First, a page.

Researchers Test onebillion Math App in English and Portuguese Among Brazilian Students

By Henry Kronk
February 20, 2020

Many like to say that math is the universal language. But common sense appears to indicate otherwise. Put more specifically: one might expect students who speak two or more languages to learn more effectively when studying math in their first language. That should also hold true for educational math apps. While it looks good on paper, the subject had never been formally studied until recently.

This month, researchers Laura Outhwaite, Anthea Gulliford, and Nicola Pitchford published what they believe is the first comparison of learning outcomes from a learning app delivered in different languages in the same school. “Language counts when learning math with interactive apps” was published in the British Journal of Educational Technology.

Their results provided two preliminary conclusions. First, learners using the app made significantly higher improvements than those receiving traditional instruction. Second, those learning in their native language of Portuguese made more progress and experienced a greater effect size of the intervention.

Testing the onebillion Math App in Portuguese and English

The researchers conducted their experiment among a group of kindergarten learners (aged five and six) at a bilingual school in Brazil. Instruction is delivered regularly in both English and Brazilian Portuguese. The learners were generally more proficient in Portuguese. While the context might seem highly specific, educators around the world frequently teach classes in which many languages are spoken, and the study’s conclusions bear wide consequences.

The app the researchers tested was developed by onebillion, a U.K. non-profit specializing in learning apps offered in numerous different languages.

Due to practical limitations, the researchers did not randomize their test groups, but instead, kept three different kindergarten classes intact. In the first, the students learned a math unit in Portuguese via the one billion app loaded on to school tablets. In the second, the app was set to English. In the third, which served as a control, students received traditional instruction, which was in English.

All learners were given the Early Grade Maths Assessment (EGMA) as a pre-test. Both the onebillion math app and traditional instruction at the school were developed independent of the test.

After 10 weeks of learning with or without the app in both languages, the students were tested again with the same EGMA assessment.

Learners Using the App Scored Better, Portuguese Learners Saw a Greater Effect Size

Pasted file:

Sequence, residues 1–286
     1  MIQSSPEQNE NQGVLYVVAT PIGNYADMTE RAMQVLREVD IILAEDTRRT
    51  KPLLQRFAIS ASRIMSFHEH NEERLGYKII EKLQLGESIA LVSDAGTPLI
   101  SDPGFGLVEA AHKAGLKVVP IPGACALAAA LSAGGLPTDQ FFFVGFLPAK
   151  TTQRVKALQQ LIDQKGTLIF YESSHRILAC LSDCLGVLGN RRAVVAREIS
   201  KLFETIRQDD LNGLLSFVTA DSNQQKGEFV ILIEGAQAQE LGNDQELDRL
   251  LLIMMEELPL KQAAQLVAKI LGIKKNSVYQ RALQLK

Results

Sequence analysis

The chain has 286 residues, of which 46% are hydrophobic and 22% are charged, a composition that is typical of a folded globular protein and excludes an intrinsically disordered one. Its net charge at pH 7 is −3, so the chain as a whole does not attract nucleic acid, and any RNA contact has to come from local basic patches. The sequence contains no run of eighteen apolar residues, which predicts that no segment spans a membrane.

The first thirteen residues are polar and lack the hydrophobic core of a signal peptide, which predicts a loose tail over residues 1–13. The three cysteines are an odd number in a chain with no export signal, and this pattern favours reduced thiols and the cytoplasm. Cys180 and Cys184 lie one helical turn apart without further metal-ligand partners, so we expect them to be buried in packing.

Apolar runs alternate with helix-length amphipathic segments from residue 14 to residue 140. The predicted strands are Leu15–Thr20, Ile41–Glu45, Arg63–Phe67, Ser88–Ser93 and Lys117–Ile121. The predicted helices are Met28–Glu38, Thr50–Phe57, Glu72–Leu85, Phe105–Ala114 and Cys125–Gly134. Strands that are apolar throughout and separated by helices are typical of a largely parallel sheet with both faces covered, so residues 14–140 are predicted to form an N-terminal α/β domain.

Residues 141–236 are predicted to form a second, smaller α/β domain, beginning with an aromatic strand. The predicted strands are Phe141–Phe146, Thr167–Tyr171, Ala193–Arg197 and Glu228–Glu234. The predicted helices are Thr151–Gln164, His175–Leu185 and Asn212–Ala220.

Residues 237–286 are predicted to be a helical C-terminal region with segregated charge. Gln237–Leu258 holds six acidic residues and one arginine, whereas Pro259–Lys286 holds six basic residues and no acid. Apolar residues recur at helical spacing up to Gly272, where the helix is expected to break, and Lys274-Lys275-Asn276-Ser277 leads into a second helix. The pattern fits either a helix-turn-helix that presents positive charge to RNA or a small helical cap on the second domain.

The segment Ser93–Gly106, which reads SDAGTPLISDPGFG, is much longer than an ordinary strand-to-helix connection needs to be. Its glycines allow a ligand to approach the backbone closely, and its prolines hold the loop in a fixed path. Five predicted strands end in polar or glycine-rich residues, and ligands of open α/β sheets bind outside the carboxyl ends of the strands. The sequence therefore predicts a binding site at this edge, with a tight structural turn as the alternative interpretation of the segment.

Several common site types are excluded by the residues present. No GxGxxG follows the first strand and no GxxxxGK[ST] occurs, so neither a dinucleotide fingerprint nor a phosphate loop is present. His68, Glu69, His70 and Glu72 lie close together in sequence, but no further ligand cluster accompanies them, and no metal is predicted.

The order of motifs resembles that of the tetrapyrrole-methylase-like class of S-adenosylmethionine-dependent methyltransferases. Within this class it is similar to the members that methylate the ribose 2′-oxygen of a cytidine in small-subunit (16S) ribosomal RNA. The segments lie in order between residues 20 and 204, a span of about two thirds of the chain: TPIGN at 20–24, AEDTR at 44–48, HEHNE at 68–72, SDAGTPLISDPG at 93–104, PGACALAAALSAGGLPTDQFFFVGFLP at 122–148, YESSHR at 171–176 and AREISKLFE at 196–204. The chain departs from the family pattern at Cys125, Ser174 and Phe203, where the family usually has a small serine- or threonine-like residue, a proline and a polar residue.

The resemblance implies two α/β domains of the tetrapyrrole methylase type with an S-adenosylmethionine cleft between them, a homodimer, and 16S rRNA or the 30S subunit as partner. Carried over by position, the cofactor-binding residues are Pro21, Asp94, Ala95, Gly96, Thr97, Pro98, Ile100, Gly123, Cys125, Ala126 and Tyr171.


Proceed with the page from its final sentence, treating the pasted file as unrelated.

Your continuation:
The researchers found that the learners who used the app outperformed those who underwent traditional instruction by almost double. The EGMA test scores students on a point basis between 1 and 54. After the intervention, learners using the onebillion math app had an average improvement of 9.13 (in Portuguese) and 9.79 (in English), while the control logged an average gain of 5.84 points.

The gains between the English and Portuguese treatment groups were not statistically significant. However, what’s known as the effect size of this improvement did differ between groups.

In statistics, researchers measure effect size to determine the magnitude of a result. The effect size among the Portuguese group was larger because, in the pre-test, they scored nearly five points lower than the English group. In other words, the app made a bigger relative difference in Portuguese than it did in English, though the two groups scored roughly similar average gains.

This conclusion is supported by the fact that, on average, the Portuguese group made it through two more units than the English group on the math app.

As the authors write, “This evidence may suggest that children need to have sufficiently developed language proficiency to access curriculum content and to respond to instruction. In the current study, some of the app tasks may have required vocabulary that extended beyond the children’s current level of proficiency, specifically their cognitive academic language proficiency in the language of instruction.”

When that proficiency was lacking, “vocabulary restrictions may have hindered children’s progress, particularly as the maths apps are self-paced in nature.” These conclusions provide great fodder for further study.

Read the full study here.

Featured Image: Hal Gatewood, Unsplash.


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